[order] Charadriiformes | [family] Scolopacidae | [latin] Calidris maritima | [UK] Purple Sandpiper | [FR] Bécasseau violet | [DE] Meerstrandläufer | [ES] Correlimos oscuro | [IT] Piovanello violetto | [NL] Paarse Strandloper

Paarse Strandloper determination

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Males and females are similar in colour, slightly dimorphic in size. This species is seasonally dimorphic. In flight, the Purple Sandpiper has a narrow white wing-stripe and an all-dark tail. Breeding Adult has a crown tawny, streaked with black; back feathers edged with white and buff; breast and flanks white with blackish-brown speckling; belly white; bill long, slender, slightly downcurved, black with orange base; legs orange-yellow.
Winter Adult has head, neck, and upper breast dark greyish-brown; back feathers greyish-brown, with grey or whitish edges; flanks streaked and spotted grey-brown; bill and legs as in breeding adult. Juvenile crown tawny, lightly streaked with black; cheeks and nape buffy grey-brown; chin whitish; back feathers edged with whitish; breast and flanks white with blackish-brown speckling (tends to be sparse on flanks); bill and legs as in breeding adult

Rocky shores, from high-arctic islands and continental coasts through low-arctic and subarctic tundra, marginally overlapping boreal zone for breeding, and in winter shifting only far enough south to distribute entire population to areas clear of ice. In high Arctic breeds mainly from sea-level to c. 300 m; in low Arctic and subarctic more often on inland uplands¾up to 1300 m in Sweden and somewhat higher in southern Norway, tending to keep close to fringe of snow-clad or frozen ground.
Outside breeding season, closely attached to rocky islands, peninsulas, and other coastal sectors exposed to vigorous wave action and some tidal range.

Calidris maritima breeds in Greenland, Scandinavia and arctic Russia, with >75% of the global breeding range confined to Europe. The European breeding population is relatively small (<75,000 pairs), but appeared to be stable between 1970-1990. Trends were not available for the key populations in Greenland and Iceland during 1990- 2000, but the species was stable elsewhere.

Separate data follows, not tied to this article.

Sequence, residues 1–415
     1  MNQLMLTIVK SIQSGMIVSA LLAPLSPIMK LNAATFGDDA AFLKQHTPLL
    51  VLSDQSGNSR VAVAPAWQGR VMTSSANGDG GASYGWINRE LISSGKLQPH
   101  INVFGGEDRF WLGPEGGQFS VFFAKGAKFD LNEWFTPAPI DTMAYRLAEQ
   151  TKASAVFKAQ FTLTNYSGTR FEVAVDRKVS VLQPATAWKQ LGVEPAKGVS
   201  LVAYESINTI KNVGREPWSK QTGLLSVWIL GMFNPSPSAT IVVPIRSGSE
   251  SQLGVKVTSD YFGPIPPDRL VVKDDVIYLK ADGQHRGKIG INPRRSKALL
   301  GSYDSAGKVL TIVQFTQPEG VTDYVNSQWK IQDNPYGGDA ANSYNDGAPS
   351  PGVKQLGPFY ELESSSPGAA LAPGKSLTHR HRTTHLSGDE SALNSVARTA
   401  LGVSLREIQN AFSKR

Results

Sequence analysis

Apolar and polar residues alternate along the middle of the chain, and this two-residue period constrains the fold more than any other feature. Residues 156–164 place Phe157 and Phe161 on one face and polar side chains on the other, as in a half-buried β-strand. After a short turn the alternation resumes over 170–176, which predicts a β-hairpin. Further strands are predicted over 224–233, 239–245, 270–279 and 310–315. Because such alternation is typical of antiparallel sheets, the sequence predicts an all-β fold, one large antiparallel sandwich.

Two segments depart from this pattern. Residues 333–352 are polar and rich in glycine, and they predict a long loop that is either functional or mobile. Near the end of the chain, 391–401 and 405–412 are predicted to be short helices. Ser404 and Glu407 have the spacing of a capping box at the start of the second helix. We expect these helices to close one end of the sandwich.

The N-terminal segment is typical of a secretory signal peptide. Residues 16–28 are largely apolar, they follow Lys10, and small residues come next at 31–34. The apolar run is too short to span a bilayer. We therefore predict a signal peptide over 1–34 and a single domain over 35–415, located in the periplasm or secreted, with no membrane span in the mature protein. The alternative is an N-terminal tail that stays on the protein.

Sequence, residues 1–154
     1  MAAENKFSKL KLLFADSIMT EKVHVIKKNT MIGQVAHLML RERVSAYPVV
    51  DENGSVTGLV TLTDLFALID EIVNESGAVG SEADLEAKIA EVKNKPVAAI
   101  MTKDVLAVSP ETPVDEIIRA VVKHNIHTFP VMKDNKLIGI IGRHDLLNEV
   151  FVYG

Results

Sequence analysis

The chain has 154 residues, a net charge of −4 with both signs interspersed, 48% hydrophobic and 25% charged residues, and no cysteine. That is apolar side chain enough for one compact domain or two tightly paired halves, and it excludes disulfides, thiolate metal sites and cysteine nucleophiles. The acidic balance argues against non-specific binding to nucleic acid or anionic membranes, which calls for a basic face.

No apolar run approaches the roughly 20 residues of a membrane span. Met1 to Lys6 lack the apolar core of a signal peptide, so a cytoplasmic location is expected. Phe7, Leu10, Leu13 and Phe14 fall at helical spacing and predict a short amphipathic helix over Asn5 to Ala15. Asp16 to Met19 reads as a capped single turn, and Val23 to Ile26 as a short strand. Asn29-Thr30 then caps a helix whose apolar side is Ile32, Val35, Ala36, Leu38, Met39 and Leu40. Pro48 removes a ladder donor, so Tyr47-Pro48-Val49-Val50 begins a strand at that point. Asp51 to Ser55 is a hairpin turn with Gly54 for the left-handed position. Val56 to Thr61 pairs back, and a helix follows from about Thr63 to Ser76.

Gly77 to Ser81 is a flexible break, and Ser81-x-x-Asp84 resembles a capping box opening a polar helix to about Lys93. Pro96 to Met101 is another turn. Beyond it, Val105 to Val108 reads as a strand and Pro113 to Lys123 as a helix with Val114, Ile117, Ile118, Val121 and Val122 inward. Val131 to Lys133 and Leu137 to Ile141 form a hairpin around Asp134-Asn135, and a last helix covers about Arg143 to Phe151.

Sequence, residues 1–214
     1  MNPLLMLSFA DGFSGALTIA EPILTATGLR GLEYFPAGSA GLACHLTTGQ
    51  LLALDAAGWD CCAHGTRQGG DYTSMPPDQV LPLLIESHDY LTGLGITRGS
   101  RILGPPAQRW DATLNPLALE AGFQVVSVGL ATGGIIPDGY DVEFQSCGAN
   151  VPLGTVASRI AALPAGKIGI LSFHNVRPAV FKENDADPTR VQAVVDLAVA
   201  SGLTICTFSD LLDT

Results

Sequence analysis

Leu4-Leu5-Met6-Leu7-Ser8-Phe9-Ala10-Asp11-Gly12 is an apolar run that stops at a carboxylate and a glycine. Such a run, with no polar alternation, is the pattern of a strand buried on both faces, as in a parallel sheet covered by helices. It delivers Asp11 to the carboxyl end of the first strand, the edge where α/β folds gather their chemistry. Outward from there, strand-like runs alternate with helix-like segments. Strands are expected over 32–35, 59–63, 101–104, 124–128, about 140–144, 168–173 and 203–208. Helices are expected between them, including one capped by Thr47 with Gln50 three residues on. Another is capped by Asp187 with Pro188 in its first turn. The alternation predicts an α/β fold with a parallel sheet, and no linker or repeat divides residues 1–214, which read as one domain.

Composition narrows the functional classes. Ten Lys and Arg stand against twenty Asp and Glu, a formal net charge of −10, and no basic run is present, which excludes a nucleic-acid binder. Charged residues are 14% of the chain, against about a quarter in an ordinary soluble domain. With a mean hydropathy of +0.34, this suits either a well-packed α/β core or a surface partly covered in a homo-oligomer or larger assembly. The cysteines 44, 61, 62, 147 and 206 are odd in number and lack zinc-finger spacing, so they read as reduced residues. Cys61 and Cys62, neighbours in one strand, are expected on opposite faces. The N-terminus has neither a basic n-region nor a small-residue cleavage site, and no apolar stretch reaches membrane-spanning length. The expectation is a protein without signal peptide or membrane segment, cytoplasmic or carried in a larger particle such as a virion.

Predominantly invertebrates; in breeding season at certain places and times also substantial amounts of plant material. Runs swiftly over seaweed and rocks uncovered by tide, and will even go under small waves. Snaps up items as tide retreats, dodging waves with agility and occasionally springing or fluttering into the air. Picks prey out of crevices in rocks and from between mussels. Occasionally wades in shallows. Turns over seaweed and debris to uncover prey.

This species has a large range, with an estimated global Extent of Occurrence of 1,000,000-10,000,000 km². It has a large global population estimated to be 170,000-220,000 individuals (Wetlands International 2002). Global population trends have not been quantified, but the species is not believed to approach the thresholds for the population decline criterion of the IUCN Red List (i.e. declining more than 30% in ten years or three generations). For these reasons, the species is evaluated as Least Concern. [conservation status from birdlife.org]

On the Faeroes and Iceland laying begins mid-May, in Spitsbergen main laying period second half June. In Russia main laying period mid-June to mid-July.Nestsite is on ground in the open. Nest is a small cup, diameter c. 10 cm, and depth 6 cm, often part-filled with small leaves of willow. Clutch size 3-4, one brood. Incubation lasts for 21-22 days. Fledging period unknown.

Migratory and sometimes partially migratory, but movements in various low Arctic and N temperate regions unclear. Non-breeding range extends further N than in other Calidris, to just below ice, e.g. SW Greenland, Finnmark and Murmansk, and S to Maryland (USA) and W France. Northernmost breeders fully migratory. Easternmost breeders migrate W to Murmansk or beyond. Unclear whether breeders at S of range are replaced by N breeders or N breeders show leap-frog migration, wintering S of S breeders. E Greenland breeders believed to winter in Iceland. Birds breeding in W Greenland winter in W & S Greenland. Ringing recoveries indicate migration between W Europe and Iceland, Greenland, Newfoundland and Baffin I, and between Norway and Britain. Post breeding migration later than in other Calidris species; females depart breeding grounds in advance of males and young, from Iceland in late Jun; males in Iceland until late Aug, and on Arctic islands from late Aug to mid-Sept. Arrival in North Sea and Iceland Oct-Nov. N movement Apr-May, and arrival in N breeding grounds mid-May to mid-Jun.